In the periodic table, a Hydrogen nucleus has one proton surrounded by one electron. A Helium nucleus has two protons and two electrons and it also has two neutrons but no-one knows why. Each higher element has not only one more proton and electron but also one or more neutrons, so:
“… all the stable nuclei have more neutrons than protons (or equal numbers), and the heavier nuclei are increasingly neutron-rich.” (Marburger, 2011) p254
For some reason, heavier nuclei need more neutrons to be stable (Figure 4.22) but no theory can explain how neutrons keep the nucleus stable. The shell model that explains electrons doesn’t work because some nuclei aren’t spherical. The standard model doesn’t help because if gluons hold the protons together, why have neutrons? And how do the gluons know how many neutrons are needed to stabilize a heavy nucleus? Current nuclear models generally represent the nucleus as proton and neutrons sitting side-by-side with gluons forcing the protons together, like fruits in a bowl.
The quark structure given earlier describes protons and neutrons as quarks sharing photons in a closed triangle string. This allows such triangles to open up and recombine in longer quark strings if the same rules are satisfied: namely a closed string shape with the internal angles of an equilateral triangle.
This suggests that a Helium nucleus isn’t proton and neutron particles sitting separately together like fruit in a bowl but a single quark string that closes back on itself made from the quarks of two protons and two neutrons sharing photons.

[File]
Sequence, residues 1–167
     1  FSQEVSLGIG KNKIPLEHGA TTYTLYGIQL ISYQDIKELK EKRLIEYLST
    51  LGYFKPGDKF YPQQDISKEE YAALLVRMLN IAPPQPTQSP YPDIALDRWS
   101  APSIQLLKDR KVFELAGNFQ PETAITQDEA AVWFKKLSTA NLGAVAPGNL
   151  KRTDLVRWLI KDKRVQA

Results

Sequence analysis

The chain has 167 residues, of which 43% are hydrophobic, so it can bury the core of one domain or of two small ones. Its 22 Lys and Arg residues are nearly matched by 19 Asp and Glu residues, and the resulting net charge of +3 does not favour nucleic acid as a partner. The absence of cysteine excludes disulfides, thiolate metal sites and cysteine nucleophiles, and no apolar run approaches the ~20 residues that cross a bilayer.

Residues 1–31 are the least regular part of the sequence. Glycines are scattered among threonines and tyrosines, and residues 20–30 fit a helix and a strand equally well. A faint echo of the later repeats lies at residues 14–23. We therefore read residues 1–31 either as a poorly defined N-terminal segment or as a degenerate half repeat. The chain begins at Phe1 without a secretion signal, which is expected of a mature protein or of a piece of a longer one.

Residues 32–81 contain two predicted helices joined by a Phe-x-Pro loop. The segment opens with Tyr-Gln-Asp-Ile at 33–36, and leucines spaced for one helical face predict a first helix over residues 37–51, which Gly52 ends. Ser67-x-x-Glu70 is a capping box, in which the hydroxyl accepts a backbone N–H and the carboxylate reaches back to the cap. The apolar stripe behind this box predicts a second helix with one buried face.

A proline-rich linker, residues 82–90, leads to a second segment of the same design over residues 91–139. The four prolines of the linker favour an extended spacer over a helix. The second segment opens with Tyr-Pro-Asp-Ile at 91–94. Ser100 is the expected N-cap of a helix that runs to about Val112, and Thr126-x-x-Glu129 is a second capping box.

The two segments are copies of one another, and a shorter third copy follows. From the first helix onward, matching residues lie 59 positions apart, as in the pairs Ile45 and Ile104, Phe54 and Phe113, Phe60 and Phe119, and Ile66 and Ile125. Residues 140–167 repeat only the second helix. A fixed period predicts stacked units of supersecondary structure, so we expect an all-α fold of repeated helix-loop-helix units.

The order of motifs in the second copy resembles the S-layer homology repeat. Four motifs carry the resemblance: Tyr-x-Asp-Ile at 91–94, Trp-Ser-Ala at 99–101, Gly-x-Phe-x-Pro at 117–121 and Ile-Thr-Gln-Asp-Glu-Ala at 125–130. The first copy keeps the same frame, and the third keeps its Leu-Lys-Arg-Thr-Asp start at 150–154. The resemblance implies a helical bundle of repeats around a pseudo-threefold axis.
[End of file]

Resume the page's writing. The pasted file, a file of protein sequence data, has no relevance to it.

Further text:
The fruit-bowl model sees a Helium nucleus as separate proton and neutron particles just sitting together but a quark string model sees the Helium nucleus as a single string held together as protons and neutrons are, by photon sharing. The only restriction is that each link must bend the string 60º which requires quarks to rotate to make a connection. Higher nuclei then also form in the same way.
The quark string model explains why neutrons are needed. As photon sharing needs direct proximity, a proton can’t come that close to another proton because they repel, so neutrons are needed as buffers. When the quark string nucleus forms, neutrons are needed in between same-charge protons that can’t exist side-by-side. This requires at least as many neutrons as protons, as observed, so a Helium nucleus of two protons needs two neutrons to act as buffers between the protons in the closed string.
Closed quark strings will be compact and nearly spheres, as observed, but larger nuclei may need more neutrons to avoid fold-back loci that happen to make protons adjacent. In this nuclear evolution certain shapes will be more stable:
“Nuclei with either protons or neutron equal to certain “magic” numbers (2, 8, 20, 28, 50, 82, 126) are particularly stable.” (Marburger, 2011) p253
If atomic nuclei are closed quark strings, those with a magic number of nucleons are more stable because they form the symmetric shapes that gave rise to magic numbers in the first place.
A quark string model explains the properties of atomic nuclei and why they need neutrons. In quantum realism, atomic nuclei are not bundles of protons and neutrons but are single closed quark strings that fold in space as proteins do.